I haven't programmed in Objective-C in years, but I do remember that it is far simpler to learn than C++. It adds comparatively little to the C language, as far as syntax goes; basically just the [] message-passing construct and the @ keywords. I think Objective-C "2.0" may have distinguished itself a little more, but I haven't looked into it.

            Anyway, hopefully you're being funny. Otherwise, we have completely different opinions. Objective-C seems to have extended C in a way that is much nicer and cleaner than C++ IMO.

            • Re:For the better? (Score:5, Insightful)

              by Xest (935314) on Thursday November 25, 2010 @02:38PM (#34344180)

              But that's a completely different argument, his point is that C++ extends the C syntax and rules pretty consistently, whilst Objective-C does not, it changes them.

              The complexity of C++ stems not from the syntax per-se, but simply because you can do that much more with it- not only have you got namespaces for better code organisation in large projects, not only have you got tools such as operator overloading, true multiple inheritance, but you also have options such as template meta-programming.

              You found C++ harder simply because it has more features, and more complex features to learn, not because of it's syntax. C++'s complexity stems purely from it's power, Objective-C's complexity stems from it's obscure syntax- the former is the price you pay for extra features, the latter is just simply inexcusable difference for the sake of difference and/or poor language design.

              C++'s syntax change complexity is purely down to the amount of syntax that is required to implement such a rich set of features. If you base your argument purely on syntax without any consideration of why that additional syntax is there and without any consideration of language changes then you might as well just argue Java trumps them both because it's much closer to C syntactically than either of them, but that would be ignorant of the fact Java offers a completely different featureset again.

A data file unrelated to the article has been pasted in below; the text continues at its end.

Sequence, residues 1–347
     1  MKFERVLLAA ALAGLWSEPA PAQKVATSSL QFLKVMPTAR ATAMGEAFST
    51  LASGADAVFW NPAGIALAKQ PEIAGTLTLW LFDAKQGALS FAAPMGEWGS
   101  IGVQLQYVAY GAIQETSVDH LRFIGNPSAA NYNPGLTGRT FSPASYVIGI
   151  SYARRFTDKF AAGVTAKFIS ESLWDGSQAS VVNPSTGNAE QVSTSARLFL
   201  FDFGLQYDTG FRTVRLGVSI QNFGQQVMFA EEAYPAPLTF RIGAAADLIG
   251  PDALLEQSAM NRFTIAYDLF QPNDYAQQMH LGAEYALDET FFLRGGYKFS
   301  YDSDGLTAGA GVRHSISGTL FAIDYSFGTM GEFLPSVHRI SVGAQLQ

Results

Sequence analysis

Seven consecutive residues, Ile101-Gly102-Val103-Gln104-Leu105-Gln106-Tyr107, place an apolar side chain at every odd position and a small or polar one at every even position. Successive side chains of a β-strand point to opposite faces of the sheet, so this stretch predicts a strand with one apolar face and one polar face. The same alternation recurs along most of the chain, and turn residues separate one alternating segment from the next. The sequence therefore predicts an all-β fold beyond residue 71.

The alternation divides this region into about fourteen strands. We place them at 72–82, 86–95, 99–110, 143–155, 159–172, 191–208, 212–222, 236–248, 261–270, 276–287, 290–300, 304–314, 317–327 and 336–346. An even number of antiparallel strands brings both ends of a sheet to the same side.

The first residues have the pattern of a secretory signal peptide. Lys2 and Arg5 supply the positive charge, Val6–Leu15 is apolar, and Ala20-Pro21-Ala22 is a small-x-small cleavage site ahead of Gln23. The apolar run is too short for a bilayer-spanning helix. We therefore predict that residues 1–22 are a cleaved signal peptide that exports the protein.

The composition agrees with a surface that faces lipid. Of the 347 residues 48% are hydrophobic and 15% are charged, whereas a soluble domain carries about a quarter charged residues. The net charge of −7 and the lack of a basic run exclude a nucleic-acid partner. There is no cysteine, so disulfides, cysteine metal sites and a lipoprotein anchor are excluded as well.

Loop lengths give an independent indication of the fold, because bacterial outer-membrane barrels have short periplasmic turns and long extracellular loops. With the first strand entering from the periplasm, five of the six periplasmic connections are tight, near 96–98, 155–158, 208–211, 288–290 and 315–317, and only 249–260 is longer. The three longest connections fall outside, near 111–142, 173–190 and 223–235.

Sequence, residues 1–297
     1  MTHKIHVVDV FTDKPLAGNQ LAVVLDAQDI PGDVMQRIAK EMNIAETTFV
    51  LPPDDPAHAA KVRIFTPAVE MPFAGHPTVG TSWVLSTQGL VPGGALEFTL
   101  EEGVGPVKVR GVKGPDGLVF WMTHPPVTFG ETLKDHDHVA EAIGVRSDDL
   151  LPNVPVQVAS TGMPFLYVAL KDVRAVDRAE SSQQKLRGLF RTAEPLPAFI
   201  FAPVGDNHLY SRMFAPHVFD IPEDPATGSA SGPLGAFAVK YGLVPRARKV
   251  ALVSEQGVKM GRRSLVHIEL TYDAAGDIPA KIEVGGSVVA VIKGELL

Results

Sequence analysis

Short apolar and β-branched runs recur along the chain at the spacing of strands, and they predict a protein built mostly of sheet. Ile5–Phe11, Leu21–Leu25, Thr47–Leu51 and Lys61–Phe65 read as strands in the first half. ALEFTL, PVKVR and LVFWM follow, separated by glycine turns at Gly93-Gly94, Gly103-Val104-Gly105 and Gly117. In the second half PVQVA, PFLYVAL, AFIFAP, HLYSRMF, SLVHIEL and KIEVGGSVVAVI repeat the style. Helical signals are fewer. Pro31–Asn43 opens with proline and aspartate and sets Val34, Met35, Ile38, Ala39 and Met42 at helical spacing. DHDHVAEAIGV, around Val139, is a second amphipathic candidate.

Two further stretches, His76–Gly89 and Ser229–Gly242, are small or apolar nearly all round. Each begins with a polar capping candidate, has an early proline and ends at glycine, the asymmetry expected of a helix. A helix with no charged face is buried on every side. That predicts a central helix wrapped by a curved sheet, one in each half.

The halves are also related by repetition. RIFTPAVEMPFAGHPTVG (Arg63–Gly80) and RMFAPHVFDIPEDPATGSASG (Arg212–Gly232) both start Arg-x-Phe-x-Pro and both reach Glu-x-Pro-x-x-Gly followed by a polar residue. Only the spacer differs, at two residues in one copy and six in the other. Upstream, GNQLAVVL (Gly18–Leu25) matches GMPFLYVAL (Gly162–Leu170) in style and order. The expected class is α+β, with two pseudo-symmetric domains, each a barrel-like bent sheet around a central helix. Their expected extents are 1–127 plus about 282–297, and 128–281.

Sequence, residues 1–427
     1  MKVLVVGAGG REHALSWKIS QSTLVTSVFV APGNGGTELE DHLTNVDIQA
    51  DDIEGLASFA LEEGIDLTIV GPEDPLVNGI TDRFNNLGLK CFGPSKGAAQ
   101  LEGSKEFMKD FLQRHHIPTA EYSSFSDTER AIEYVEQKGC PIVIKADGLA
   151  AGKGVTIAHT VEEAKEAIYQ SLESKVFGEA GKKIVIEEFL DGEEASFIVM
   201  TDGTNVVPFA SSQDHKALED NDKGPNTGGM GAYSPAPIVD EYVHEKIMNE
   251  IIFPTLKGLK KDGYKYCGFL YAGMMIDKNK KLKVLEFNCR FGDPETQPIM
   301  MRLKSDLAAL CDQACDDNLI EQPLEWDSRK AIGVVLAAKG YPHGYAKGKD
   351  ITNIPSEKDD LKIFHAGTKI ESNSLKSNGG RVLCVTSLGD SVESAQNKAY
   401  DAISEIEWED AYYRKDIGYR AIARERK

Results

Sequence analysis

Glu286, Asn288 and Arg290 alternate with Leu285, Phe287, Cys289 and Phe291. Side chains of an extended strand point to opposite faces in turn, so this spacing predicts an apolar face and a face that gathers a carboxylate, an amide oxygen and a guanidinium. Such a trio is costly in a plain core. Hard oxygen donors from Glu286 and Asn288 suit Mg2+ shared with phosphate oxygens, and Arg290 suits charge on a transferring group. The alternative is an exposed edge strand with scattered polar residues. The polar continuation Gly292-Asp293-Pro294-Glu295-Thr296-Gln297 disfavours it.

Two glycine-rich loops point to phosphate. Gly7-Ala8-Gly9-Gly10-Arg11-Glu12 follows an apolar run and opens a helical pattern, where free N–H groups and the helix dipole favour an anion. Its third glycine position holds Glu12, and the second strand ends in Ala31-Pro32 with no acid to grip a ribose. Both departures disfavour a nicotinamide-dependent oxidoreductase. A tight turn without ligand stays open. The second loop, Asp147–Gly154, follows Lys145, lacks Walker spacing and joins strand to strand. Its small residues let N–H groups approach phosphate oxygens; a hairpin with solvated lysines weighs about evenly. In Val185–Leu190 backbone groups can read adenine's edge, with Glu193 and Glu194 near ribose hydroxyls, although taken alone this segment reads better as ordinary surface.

Perhaps the most obvious test though is this, write an application that's not overly complex and uses the base set of shared features the languages provide using their preferred syntax (rather than the fact you can just use C for either) and which then more closely represents a C program syntactically? you really can't argue it's anything other than C++, which is precisely why the jump to C++ is much more natural than to Objective-C as per the GP's argument.

              • Re:For the better? (Score:4, Interesting)

                by Anonymous Coward on Thursday November 25, 2010 @03:24PM (#34344520)

                I think you have that backwards. Objective-C doesn't change any of the rules of C. On the other hand there's a lot of C syntax that is not valid C++.

                Both C++ and Objective-C started off as object oriented extensions to C, and IMO Objective-C does a much better job. C++ tried to add everything and the kitchen sink, and ended up with horrible, bastardized syntax because it's still trying to achieve C compatibility, even though it hasn't been strictly compatible with C in over a decade.